Saturday, May 16, 2009

On to the Gluten, pt 1

We've made the gluten, we've dealt with the bran and starch water so on now with how to use it.

Gluten is also called "wheat meat". When seasoned, it tastes like meat and also has the texture of meat. Gluten can be made into "vital wheat gluten", the stuff that helps whole wheat bread to rise higher and be tender - foldable even. It's all in the final processing.

Today we're making the dried gluten for adding to bread. This will eliminate our need to spend $2.00 or so for a small box of "vital wheat gluten". This procedure will allow the gluten to keep indefinitely on the shelf.

Take your raw gluten and break/tear off quarter size pieces. (For non-North Americans, that a piece of dough larger than a marble, but smaller than a golf ball.) Flatten it and place the pieces on an oiled cookie sheet or on the tray of your dehydrator. In oven, bake at 350 degrees until hard. In dehydrator, dry out dough. You can also roll dough out into 1/4" thickness and cut shapes with it. Thin shapes will dry more quickly, evenly and be easier to get to grind to a flour.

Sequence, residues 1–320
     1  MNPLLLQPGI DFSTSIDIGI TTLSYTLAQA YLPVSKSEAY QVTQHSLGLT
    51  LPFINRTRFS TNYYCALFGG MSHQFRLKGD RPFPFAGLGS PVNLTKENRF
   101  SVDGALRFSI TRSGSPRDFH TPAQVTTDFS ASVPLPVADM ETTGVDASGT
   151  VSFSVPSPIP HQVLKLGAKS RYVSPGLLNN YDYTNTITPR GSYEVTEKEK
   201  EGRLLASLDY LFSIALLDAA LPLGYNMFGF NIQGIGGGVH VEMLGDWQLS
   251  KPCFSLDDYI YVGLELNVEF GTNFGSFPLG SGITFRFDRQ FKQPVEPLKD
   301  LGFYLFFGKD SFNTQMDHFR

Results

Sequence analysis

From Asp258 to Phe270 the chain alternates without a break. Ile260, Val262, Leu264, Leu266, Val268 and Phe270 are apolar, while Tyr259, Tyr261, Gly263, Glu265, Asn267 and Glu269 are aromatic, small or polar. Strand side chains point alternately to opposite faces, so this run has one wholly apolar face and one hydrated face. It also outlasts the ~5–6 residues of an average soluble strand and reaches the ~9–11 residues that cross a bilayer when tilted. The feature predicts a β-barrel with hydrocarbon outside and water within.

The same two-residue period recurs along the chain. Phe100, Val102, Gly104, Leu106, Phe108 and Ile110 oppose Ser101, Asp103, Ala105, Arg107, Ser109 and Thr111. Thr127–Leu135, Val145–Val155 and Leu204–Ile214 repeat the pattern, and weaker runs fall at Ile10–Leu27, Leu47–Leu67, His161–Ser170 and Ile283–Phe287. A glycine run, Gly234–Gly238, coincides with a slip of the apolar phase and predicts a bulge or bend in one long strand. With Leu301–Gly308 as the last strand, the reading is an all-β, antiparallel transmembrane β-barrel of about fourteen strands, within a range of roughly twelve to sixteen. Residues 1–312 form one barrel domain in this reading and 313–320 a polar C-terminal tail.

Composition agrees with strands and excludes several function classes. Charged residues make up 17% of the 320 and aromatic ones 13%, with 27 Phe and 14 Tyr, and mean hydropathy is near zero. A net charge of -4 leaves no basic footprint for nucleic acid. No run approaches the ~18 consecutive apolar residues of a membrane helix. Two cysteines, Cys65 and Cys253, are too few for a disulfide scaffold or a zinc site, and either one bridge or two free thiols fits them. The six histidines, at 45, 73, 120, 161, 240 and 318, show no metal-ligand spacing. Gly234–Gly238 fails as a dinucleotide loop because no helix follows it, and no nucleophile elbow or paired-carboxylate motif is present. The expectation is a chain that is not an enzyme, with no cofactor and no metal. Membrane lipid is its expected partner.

When dough is very dry, you can place it in an airtight container and place it on the shelf. As another option, you can actually put them in a jar with an oxygen absorber packet and put the lid on. Or use a vacuum sealing device and suck the air out of the jar. Anything is better than zipper bags. I've found after a while that foods put in zipper bags will pick up tastes from the pantry and get a rather odd taste to them.

At some point, you will want to use the dried gluten for bread making. You will need to grind or grate the dough balls to a flour texture. Use of a micrograter, food processor, grain mill, blender, nut/coffee grinder, or mortar and pestle will all work. Youwant a flour with this, so keep grinding the larger chunks until it's flour. Mills will be the easiest and quickest to use. Then the grinder/food processor, next the blender, the grater and last the mortar and pestle. M&P's do work, but it will be WORK to get it ground by hand. You can grind it all ahead of time or just what you need at the moment.

Tomorrow on to "wheat meat".

2 comments:

LizBeth said...

I've missed seeing you lately! How is everything going? Been a little hot around here, but there is always aluminum foil for the windows. Take care, Liz

Cheryl Anderson (SwineInsanity) said...

I have made meatless meatloaf with wheat gluten... When seasoned it tastes somewhat like meat... Sure does take alot of wheat to make it though.